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How do I read laterally?

This guide will help you learn how to read laterally, a key fact checking skill.

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Lateral Reading Example Explained

Let's take a look at how you read laterally.

In this example, you are researching renewable energy and climate change, and you come across this source from The Heartland Institue: "Research & Commentary: U.S. Transition to 100 Percent Renewa"ble Energy ‘Would Lead to Catastrophe’"

Is this a good source? Would you use it for your paper? If you read laterally, you can easily find out!

Let's see an example of how this source can be evaluated by using lateral reading. In the box below, scroll through the slides by clicking the arrows on either side. You can go forwards or backwards. 

Lateral Reading Example

The Heartland Institute article

The article's title: Research & Commentary: U.S. Transition to 100 Percent Renewable Energy ‘Would Lead to Catastrophe’

Google search results for The Heartland Institute

Step One: Google The Heartland Institute

Googling The Heartland Institute will allow you to read what others have written about the organization, that way you do not have to rely just on what they are saying about themselves. Notice the difference between The Heartland Institute's About Us page and the Wikipedia entry. Hmm, let's look further.

Wikipedia summary of the Heartland Institute

Step Two: What does Wikipedia say about the organization?

According to Wikipedia, The Heartland Institute is a conservative and libertarian public policy and think tank organization that focuses on "education reform, government spending, taxation, healthcare, tobacco policy, global warming, hydraulic fracturing, information technology, and free-market environmentalism." In the past, they have worked to discredit the risks of secondhand smoke and are climate change deniers.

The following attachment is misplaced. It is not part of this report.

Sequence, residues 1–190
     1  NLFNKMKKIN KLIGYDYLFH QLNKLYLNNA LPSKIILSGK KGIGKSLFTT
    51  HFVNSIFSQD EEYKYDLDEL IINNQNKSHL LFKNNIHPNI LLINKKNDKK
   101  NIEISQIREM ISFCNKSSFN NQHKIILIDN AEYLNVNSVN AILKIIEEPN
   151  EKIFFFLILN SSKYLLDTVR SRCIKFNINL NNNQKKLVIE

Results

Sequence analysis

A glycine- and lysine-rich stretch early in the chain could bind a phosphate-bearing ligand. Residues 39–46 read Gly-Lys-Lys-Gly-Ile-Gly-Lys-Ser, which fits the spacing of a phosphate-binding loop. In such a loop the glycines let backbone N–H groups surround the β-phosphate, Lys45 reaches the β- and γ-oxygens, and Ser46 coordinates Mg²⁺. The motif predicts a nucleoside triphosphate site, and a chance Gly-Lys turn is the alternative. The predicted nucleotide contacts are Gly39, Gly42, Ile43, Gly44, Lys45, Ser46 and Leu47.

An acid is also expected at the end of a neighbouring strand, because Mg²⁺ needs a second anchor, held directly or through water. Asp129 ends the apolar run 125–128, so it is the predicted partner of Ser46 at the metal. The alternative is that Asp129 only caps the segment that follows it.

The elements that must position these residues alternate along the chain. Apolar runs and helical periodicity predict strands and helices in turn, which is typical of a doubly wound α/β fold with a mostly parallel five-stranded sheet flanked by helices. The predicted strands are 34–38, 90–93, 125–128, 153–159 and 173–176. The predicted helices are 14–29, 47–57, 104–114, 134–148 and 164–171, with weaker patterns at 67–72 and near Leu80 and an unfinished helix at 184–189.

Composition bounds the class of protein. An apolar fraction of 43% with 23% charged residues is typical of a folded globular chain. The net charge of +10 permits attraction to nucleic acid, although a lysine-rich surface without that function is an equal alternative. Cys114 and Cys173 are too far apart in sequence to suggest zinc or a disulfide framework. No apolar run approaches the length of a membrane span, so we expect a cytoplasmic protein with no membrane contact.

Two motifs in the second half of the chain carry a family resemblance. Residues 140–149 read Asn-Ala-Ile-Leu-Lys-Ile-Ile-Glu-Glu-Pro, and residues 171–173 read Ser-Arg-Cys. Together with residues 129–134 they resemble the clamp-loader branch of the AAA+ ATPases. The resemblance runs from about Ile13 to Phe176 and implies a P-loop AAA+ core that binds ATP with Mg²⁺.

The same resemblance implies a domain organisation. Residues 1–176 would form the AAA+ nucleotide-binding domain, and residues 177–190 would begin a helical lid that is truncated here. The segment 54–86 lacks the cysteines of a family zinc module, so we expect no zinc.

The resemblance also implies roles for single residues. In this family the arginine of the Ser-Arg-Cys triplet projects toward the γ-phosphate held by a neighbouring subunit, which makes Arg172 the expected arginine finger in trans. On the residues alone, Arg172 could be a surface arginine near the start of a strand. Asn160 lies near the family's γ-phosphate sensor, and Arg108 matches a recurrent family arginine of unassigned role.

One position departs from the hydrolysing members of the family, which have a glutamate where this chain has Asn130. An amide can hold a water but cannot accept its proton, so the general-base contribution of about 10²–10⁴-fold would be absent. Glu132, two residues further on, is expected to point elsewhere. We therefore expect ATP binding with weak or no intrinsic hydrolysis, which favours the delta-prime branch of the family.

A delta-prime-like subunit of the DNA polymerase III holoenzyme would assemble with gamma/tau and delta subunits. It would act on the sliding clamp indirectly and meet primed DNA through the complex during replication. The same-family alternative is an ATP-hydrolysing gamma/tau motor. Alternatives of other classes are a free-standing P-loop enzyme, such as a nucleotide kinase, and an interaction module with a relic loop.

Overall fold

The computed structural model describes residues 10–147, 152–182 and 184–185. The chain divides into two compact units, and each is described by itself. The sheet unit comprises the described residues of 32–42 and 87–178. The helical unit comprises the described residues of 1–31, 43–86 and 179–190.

Guardian article: Leak exposes how Heartland Institute works to undermine climate science

Step Three: Reading about the source

Our results also include this article from The Guardian, a daily British newspaper. It looks like, at the very least, The Heartland Institute might be biased, if not outright false in its claims. We can also tell that The Heartland Institute is financed by Charles Koch, a multimillionaire who funds conservative and libertarian organizations.

Is This a Good Article?

So, what did we find out? We found out this think tank actively discredits climate change, and in fact, they have a record of discrediting scientifically proven claims such as secondhand smoke. In under a minute, we learned that The Heartland Institute is not worth using for our paper. Would you have come up with the same conclusion by ONLY looking at The Heartland Institute's site? It's possible, but it's much more efficient to read laterally!